The Guardian October 1, 2003


UN says to Bush: "You made the mess, you fix it!"

President Bush's plea to the United Nations General Assembly to come to 
the aid of the United States with money and troops was received coldly, 
even with hostility, by many other members of the UN General Assembly.

In what can only be regarded as yet another display of hypocrisy, double 
standards and outright lying Bush claimed that "The primary goal of our 
coalition (US, Britain and Australia) in Iraq is self-government for the 
people of Iraq, reached by orderly and democratic meansb&

"As in the aftermath of other conflicts, the UN should assist in developing 
a constitution, training civil servants and conducting free and fair 
elections", said Bush.

Some of the strongest criticisms of US actions were made by Kofi Annan, UN 
Secretary-General. He said, "My concern is that it could set precedents 
resulting in a proliferation of the unilateral and lawless use of force, 
with or without credible justification".

He continued: "No one should be able to accord himself the right to use 
force unilaterally and preventatively. In an open world, no one can isolate 
themselves."

Bush warned, "This may be a moment no less decisive than 1945 itself, when 
the UN was foundedb& It is not enough to denounce unilateralism, unless we 
also face up squarely to the concerns that make some states feel uniquely 
vulnerable and thus drive them to take unilateral action."

French President, Jacques Chirac said, "The war, launched without the 
authorisation of the Security Council, shook the multilateral system. The 
UN has just been through one of the gravest crises in its history. No one 
can act alone in the name of all and no one can accept the anarchy of a 
society without rules."

Transfer of sovereignty

Chirac called for the early transfer of sovereignty to the Iraqi people, a 
call that was promptly rejected by the United States.

The President of Brazil, Lula da Silva said that "An everlasting peace 
cannot be built without the participation of all people". He said that the 
main task of the UN is to protect nations from wars and foster negotiations 
to avoid conflicts. He called for a fight, "which we can win", against 
poverty and hunger and urged the UN to act resolutely against starvation.

Resurgence of imperialism

The Prime Minister of Malaysia Mahathir Mohamed declared that "Today we are 
seeing the resurgence of European imperialism. Today we are actually faced 
by the old physical occupation by foreign forces, puppet regimes are 
installed, dancing as puppets do".

He declared that the United Nations organs "have been cut out, dissected 
and reshaped so that they may perform the way the puppet masters want. This 
organisation is collapsing on its clay feet, helpless to protect the weak 
and the poor", said Dr Mahathir. The United Nations had become a tool of 
the colonisers he said.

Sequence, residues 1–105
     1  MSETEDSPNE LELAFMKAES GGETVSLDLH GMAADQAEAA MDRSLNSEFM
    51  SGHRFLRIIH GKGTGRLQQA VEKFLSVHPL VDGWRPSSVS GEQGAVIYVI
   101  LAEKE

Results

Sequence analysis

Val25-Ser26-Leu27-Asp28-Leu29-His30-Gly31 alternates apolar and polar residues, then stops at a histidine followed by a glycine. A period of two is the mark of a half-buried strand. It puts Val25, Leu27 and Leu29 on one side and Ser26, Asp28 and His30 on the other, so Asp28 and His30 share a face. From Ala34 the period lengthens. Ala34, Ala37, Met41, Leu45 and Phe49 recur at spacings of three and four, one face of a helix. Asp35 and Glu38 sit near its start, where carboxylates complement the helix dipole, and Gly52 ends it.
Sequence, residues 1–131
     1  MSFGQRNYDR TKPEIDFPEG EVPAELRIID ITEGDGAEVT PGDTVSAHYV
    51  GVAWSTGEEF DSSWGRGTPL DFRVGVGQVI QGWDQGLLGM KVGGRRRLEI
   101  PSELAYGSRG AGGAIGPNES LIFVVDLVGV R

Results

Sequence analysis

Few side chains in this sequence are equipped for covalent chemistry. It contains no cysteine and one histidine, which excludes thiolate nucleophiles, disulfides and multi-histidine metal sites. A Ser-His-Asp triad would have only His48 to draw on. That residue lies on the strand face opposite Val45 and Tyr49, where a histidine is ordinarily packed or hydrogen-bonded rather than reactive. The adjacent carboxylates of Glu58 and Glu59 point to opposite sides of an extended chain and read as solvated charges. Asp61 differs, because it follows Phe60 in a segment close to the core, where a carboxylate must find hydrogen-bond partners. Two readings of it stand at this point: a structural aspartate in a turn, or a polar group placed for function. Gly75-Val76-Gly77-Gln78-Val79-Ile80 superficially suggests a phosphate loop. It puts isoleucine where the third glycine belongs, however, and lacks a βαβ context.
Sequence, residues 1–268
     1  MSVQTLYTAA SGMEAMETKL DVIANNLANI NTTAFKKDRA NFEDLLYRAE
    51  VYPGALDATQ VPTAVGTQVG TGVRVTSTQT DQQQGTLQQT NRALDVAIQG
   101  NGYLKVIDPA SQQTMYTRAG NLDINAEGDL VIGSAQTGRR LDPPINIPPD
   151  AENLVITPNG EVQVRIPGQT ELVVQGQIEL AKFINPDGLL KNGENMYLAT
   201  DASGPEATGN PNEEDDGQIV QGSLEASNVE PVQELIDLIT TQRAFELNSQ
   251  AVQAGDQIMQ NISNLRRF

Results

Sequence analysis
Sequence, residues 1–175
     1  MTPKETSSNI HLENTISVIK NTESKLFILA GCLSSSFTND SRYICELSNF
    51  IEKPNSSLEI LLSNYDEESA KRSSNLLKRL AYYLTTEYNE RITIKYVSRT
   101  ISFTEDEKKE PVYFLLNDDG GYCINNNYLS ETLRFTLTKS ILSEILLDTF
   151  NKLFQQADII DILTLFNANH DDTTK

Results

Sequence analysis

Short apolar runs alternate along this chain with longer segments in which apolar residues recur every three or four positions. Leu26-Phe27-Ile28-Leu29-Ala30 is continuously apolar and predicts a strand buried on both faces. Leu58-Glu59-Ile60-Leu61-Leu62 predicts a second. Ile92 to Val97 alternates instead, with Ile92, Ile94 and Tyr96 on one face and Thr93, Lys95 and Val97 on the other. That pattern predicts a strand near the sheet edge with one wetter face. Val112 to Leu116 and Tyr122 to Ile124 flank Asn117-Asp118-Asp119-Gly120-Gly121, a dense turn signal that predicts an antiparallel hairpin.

In Middle Eastern countries, people were just as unimpressed by the Bush 
appeal.

"Bush's words are just cover. America is looking for others to help pay for 
the occupation of Iraq's oil", said Yehya Mahmoud a seller of electronics 
on a Cairo street.

A Yemeni student said much the same: "The Americans just don't stop 
grudging any role for the rest of the world after they went to war without 
international legitimacy".

Sticky morass

The Lebanese newspaper Daily Star said, "The White House is still 
refusing to recognise the hopelessness of going it alone. It is waiting for 
the French and the Germans to start feeling guilty about not helping to 
extricate their old ally from the increasingly sticky morass."

The United Arab Emirate's al-lttihad wrote that "A US administration 
like this only knows military plans to invade this or that country using 
the pretext of freedom and democracy and other slogans that no one believes 
any more".

There were some voices that, not surprisingly, backed the US's plans. The 
chief of the International Monetary Fund, Horst Koehler said that "Leaders 
of the world should now really set aside their disputes".

Russian President Vladimir Putin's comments were also mild when compared 
with the denunciation that the US invasion of Iraq warranted. He failed to 
insist on a rapid timetable or that the UN should take on the major role. 
He did say: "To be a world power means to be together with the world 
community. To be a really strong and influential state means to be able to 
see and address the problems of small nations and economically weak 
countries."

As the meeting of the UN General Assembly continues the UN has announced a 
further withdrawal of its staff from Iraq following a second attack on the 
UN compound in Baghdad.

The team of selected British and US personnel who have been searching for 
the alleged weapons of mass destruction have come up with nothing. At the 
same time the British and US administrations keep up the pretence that 
there are such weapons. The evidence continues to mount that Bush, Blair 
and Howard were blatantly lying when using the pretext of weapons of mass 
destruction to invade Iraq. Despite this, they still peddle their lies.

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